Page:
Two lawmakers, Chan Hong and Victor Cheung Lup Kwan were replaced by former directly elected legislators Alan Ho Ion Sang and Angela Leong On Kei, 60.
A single candidacy list ran in each of the five indirect-election sectors. The five lists were:
- The Union of Macau Business Interests (OMKC) for the industrial, commercial and financial sectors
- The Joint Candidacy Committee of Employees Associations (CCCAE) for the labour sector
- The Union of Macau Professionals’ Interests (OMCY) for the professional sector
- The Social Service and Education Promotion Association (APSSE) for social services and education
- The Rising Sun Cultural and Sports Union for culture and sports.
The legislature’s 12 indirectly elected seats include representatives from different sectors: four from industry, commerce and finance; three from professional; two from labour; two from culture and sports; and one from social services and education.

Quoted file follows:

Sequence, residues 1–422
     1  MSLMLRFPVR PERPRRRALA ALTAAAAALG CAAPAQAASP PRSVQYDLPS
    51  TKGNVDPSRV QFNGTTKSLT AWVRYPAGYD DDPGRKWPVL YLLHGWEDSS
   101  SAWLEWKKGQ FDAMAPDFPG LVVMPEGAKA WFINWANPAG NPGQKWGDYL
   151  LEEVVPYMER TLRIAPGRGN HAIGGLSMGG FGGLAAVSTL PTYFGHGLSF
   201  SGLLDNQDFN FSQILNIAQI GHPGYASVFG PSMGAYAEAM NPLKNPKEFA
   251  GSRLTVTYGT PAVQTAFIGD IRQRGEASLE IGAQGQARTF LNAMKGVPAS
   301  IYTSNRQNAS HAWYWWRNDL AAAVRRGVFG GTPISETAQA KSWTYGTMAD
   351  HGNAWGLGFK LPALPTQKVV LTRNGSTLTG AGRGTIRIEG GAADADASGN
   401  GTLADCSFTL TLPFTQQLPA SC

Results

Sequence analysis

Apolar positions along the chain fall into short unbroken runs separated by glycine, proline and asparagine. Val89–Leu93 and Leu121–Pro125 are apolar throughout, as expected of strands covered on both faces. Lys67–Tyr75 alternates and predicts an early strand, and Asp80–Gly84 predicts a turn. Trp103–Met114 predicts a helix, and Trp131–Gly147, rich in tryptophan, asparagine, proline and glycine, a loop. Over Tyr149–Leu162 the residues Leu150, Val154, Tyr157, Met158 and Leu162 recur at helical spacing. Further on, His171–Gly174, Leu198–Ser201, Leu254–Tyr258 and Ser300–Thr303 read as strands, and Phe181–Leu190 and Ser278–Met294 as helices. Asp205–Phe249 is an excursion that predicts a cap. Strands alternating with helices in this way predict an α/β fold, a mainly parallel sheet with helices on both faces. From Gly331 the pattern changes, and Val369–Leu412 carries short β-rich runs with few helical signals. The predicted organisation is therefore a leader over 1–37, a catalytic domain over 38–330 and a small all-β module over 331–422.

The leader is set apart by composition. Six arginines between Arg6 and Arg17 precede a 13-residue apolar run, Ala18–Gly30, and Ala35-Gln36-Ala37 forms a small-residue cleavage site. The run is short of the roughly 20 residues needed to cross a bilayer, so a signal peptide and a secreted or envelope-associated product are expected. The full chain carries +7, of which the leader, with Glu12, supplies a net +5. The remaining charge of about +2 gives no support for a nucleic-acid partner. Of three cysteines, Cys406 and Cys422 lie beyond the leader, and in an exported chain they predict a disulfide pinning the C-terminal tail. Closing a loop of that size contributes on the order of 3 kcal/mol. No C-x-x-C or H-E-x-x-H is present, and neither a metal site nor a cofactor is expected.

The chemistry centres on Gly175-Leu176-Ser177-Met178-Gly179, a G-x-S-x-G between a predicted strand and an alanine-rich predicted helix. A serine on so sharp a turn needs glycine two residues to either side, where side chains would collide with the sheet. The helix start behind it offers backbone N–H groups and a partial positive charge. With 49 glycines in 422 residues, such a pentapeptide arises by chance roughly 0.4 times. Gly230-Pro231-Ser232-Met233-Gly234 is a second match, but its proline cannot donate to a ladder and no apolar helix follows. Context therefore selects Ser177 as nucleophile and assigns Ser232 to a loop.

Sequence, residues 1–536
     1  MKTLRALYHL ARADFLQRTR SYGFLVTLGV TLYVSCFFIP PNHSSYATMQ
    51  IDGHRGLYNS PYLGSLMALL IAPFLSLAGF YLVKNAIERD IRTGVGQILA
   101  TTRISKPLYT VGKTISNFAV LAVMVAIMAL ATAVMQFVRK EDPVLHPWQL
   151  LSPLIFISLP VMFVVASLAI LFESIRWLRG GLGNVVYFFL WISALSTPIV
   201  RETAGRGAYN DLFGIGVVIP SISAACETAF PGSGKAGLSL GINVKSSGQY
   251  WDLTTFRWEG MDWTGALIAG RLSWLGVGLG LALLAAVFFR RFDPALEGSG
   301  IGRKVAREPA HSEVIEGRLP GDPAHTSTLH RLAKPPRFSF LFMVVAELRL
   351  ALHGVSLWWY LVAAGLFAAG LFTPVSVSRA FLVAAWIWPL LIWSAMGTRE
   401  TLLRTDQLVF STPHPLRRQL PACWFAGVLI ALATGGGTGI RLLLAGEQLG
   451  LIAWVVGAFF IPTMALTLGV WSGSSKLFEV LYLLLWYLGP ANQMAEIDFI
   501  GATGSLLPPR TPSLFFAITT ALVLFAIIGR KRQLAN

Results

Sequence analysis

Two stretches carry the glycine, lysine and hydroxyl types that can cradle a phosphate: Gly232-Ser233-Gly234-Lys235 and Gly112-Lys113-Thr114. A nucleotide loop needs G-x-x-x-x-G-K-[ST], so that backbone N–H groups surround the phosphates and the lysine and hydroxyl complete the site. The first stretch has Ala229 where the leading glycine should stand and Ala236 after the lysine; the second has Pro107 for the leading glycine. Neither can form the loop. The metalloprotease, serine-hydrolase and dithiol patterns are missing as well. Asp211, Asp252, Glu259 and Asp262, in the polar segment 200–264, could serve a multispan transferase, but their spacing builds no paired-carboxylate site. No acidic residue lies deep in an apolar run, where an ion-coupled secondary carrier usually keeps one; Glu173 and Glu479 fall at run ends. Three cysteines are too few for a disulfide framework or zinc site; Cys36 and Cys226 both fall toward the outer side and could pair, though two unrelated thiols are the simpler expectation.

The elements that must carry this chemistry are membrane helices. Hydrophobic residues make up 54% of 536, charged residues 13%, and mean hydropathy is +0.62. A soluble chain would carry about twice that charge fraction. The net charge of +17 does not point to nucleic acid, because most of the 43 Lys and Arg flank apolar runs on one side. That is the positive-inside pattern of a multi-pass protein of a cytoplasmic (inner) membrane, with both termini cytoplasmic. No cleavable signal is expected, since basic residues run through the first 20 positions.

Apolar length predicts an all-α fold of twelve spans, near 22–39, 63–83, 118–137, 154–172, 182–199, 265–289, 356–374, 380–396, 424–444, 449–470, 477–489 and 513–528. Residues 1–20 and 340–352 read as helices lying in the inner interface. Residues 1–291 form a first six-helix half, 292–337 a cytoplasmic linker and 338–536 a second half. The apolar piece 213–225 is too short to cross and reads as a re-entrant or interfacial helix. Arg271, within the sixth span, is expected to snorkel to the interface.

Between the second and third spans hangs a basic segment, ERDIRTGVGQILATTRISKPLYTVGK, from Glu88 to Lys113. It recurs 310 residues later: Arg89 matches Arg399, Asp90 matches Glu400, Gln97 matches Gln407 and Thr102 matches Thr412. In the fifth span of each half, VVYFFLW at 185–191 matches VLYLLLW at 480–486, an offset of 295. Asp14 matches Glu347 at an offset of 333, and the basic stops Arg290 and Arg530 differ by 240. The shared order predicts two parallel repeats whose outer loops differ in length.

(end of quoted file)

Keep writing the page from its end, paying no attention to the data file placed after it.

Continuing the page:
The OMKC fielded incumbent lawmakers Kou Hoi In, 68; José Chui Sai Peng, 61; Ip Sio Kai; and Wang Sai Man, 51, as its candidates for the four seats in the industrial, commercial and financial sector.
Kou, president of the outgoing legislature, is a local deputy to the National People’s Congress of China and president of the Macao Chamber of Commerce. Chui, a civil engineer, is the cousin of former Chief Executive Fernando Chui Sai On, while Ip is the deputy director of the local branch of the Bank of China. Wang, a textile manufacturer, is also a board member of the Macao Chamber of Commerce.